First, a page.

When kite surfing enthusiasts wanted to make the sport more accessible, they developed the bow kite in the mid-2000s. It is now one of the most popular kite designs in use. The bow kite has many advantages. It makes it easy for beginners to learn kite surfing, and it makes it possible for surfers to ride in many different styles. The kite is also equally effective in many different wind ranges.
All the above advantages mean that you don't have to buy multiple kites for different surfing styles, wind speeds, and skill levels, ultimately making the sport more affordable. However, some of the disadvantages of using this kite include its slowness when turning and taking longer to relaunch. Also, the Bow Kite doesn't perform very well with unhooked riding.
The Hybrid Bow Kite has the same basic construction as the Bow Kite but with improvements. It is easy to learn how to ride using it, and it has a wide wind range. However, its reaction time is better than that of the Bow kite, and you can turn more efficiently using the hybrid. This kite is ideal if you are trying to take an unhooked ride. You can use the Hybrid Bow Kite with every type of kitesurfing.
The C-kite is among the earliest types of kites used in kiteboarding. Its availability in the early days of kite surfing meant that much research hadn't been put into its design. As a result, it has some limitations, mainly the minimal wind range.
If you are using a C-kite, you will need a different kite size any time there is a significant change in wind speed or when you go surfing at a different location. Highly skilled surfers can only use this kite, and it is almost impossible to use it to train new surfers without experiencing accidents.
Its other disadvantage is that you can only use it for a single surfing style. It is also challenging to relaunch this kite inside a surfing session.
This kite was designed to address the weaknesses of the C-Kite. It has a wider wind range than the C-Kite and provides higher upwind drive. The hybrid design allows for teaching beginner riders, which was not possible with the C-Kite. The skill improvement beginners acquire as they use the hybrid C-Kite for training is comparable to using the hybrid bow for training.
"Delta kites are a hybrid between C-kites and Bow kites. When combined, they form a D-shaped kite that enables the surfer to execute many surfing styles. Kites in this category are best used by people with basic and intermediate skill levels. The main disadvantage of this kite is that it can invert quickly, cutting your fun short within minutes.
All other kites on the market need to be inflated before you can take them out surfing. Foil kites are different; they are made up of cells that fill up with air as the wind blows into them. Most surfers use these kites for foil racing since they can move both upwind and downwind.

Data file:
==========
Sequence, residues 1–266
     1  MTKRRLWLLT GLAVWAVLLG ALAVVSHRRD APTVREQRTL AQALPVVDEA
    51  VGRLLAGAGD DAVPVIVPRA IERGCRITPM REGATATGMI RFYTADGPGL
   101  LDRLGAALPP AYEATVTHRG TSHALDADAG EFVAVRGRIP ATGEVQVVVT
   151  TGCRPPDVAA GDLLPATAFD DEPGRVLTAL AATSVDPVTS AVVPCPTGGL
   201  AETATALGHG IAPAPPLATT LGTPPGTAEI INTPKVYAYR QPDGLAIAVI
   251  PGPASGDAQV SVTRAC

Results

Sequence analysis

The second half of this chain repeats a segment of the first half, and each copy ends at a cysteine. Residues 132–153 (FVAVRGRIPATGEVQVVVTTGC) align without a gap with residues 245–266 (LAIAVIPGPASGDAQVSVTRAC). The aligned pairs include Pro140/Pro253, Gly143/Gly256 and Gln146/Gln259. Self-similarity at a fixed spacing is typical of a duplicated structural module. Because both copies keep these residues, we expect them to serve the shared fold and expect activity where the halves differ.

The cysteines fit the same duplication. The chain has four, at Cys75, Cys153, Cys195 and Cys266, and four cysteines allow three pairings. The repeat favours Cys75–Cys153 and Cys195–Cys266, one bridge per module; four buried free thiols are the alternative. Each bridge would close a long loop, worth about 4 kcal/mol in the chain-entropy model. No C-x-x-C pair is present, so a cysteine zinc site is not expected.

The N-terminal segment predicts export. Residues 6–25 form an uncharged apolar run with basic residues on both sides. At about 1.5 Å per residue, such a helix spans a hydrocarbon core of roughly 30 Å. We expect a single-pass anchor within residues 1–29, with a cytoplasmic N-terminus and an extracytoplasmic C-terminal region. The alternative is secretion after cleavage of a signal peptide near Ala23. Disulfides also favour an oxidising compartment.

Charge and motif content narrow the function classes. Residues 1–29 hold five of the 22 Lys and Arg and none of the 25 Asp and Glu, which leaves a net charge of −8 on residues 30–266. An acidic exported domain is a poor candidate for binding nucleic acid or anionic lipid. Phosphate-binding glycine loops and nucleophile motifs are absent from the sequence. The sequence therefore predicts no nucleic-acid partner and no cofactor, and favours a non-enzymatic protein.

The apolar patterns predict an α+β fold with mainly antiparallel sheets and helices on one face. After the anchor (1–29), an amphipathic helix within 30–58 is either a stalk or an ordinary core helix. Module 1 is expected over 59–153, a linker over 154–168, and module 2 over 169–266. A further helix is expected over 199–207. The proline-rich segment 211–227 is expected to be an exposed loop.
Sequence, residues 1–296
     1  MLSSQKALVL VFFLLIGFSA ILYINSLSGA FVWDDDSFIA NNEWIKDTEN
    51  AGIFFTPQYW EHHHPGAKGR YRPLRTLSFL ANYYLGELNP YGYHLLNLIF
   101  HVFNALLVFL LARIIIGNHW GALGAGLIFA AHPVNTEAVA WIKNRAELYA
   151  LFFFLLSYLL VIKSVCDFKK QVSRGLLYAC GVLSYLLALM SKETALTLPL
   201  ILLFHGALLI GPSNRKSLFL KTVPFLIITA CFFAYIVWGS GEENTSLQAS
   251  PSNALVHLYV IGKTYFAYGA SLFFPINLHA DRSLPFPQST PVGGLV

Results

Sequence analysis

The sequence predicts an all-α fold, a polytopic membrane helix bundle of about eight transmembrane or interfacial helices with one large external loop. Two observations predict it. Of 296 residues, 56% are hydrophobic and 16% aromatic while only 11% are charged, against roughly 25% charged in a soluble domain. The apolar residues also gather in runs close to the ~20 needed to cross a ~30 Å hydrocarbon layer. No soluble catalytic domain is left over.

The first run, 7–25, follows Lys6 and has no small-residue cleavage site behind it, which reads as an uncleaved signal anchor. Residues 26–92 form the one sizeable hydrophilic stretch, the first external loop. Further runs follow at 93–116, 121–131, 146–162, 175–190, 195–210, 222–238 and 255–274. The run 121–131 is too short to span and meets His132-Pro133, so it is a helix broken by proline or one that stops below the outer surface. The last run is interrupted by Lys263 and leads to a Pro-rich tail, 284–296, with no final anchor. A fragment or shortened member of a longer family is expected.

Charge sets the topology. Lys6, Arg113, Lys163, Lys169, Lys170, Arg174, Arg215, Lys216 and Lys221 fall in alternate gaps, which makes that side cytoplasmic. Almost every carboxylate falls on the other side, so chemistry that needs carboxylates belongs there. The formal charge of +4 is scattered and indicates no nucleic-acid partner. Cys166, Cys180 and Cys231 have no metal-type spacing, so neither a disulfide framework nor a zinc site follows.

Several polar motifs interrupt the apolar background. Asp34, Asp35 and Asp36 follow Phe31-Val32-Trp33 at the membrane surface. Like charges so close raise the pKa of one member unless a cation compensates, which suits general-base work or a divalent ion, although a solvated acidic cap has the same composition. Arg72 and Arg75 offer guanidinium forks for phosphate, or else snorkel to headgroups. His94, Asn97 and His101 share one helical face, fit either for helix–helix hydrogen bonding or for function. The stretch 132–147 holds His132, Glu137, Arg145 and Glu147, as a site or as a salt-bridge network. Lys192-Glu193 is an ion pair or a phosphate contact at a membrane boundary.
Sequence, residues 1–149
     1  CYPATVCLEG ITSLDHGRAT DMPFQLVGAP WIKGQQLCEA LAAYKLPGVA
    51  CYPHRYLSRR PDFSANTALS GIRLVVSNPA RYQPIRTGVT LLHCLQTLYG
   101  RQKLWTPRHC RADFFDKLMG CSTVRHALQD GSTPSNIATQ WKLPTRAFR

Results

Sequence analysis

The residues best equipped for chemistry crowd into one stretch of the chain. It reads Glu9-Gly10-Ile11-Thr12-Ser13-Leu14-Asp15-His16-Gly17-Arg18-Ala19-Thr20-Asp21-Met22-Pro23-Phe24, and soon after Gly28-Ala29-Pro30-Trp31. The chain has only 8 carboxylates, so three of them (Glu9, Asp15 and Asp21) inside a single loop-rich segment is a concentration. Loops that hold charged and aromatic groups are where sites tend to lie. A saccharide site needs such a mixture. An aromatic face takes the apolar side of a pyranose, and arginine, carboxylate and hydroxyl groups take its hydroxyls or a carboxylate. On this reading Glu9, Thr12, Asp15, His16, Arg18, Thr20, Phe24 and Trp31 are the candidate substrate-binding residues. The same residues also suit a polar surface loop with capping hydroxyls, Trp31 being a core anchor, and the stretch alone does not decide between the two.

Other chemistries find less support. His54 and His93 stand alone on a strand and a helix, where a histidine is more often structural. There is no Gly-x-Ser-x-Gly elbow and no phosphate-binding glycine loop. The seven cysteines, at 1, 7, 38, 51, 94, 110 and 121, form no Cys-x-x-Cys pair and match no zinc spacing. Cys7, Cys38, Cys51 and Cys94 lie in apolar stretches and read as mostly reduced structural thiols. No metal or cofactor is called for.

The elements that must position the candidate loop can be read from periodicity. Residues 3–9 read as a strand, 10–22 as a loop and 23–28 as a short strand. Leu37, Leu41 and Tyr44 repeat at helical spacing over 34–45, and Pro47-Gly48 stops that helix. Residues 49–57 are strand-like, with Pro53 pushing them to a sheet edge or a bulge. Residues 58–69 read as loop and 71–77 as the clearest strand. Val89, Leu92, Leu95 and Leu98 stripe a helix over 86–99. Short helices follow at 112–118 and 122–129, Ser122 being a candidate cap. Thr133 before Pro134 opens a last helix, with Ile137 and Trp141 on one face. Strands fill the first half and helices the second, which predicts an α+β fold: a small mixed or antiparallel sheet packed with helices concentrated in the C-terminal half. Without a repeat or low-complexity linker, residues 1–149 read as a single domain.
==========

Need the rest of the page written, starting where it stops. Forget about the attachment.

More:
You need to keep foil kites in place before you start surfing to ensure that the cells fill with air. It will be difficult for you to control the kite if you start riding when one part of the kite isn't filled up with air. Foil kites can be used to train new surfers, but they are a bit complex overall
The following are some of the common kiteboards you will be using alongside your kite while kite surfing. There are many kiteboarding disciplines, and each of them is best practiced using different types of kite.
This is the most widely used board as it can be used in virtually any kiteboarding discipline. It comes with foot straps and pads, and has a concave bottom that allows water to move in a way that enables you to accelerate as you ride. Although this board can be used for all disciplines, professional kiteboarders prefer it most for racing, wakestyle kiteboarding, freeride, and freestyle.
These boards are perfectly rectangular, except for the corners which are slightly rounded. They have less drag than twin tip kiteboards, which makes them easier to lift. If you're into disciplines like Big Air, this is the board to use. Heavy riders prefer it most.
These are also known as Wave Kiteboards. They are another favorite of Big Air enthusiasts and people who prefer to surf unstrapped. These boards have tapered edges, similar to regular surfboards.
This is the board for you if you like speed. Its design allows it to glide through flat water without enduring the drag that comes with other boards. The board is made of hydrofoil, which means it is light, strong, and easy to turn. This is the best board to use for racing.
Kite surfing, the most popular extreme water sport, is also one of the easiest to learn. There are suitable locations for the sport worldwide, including Kenya, Brazil, Vietnam, Sri Lanka, France, and the Congo. Get your gear ready and head to a location near you!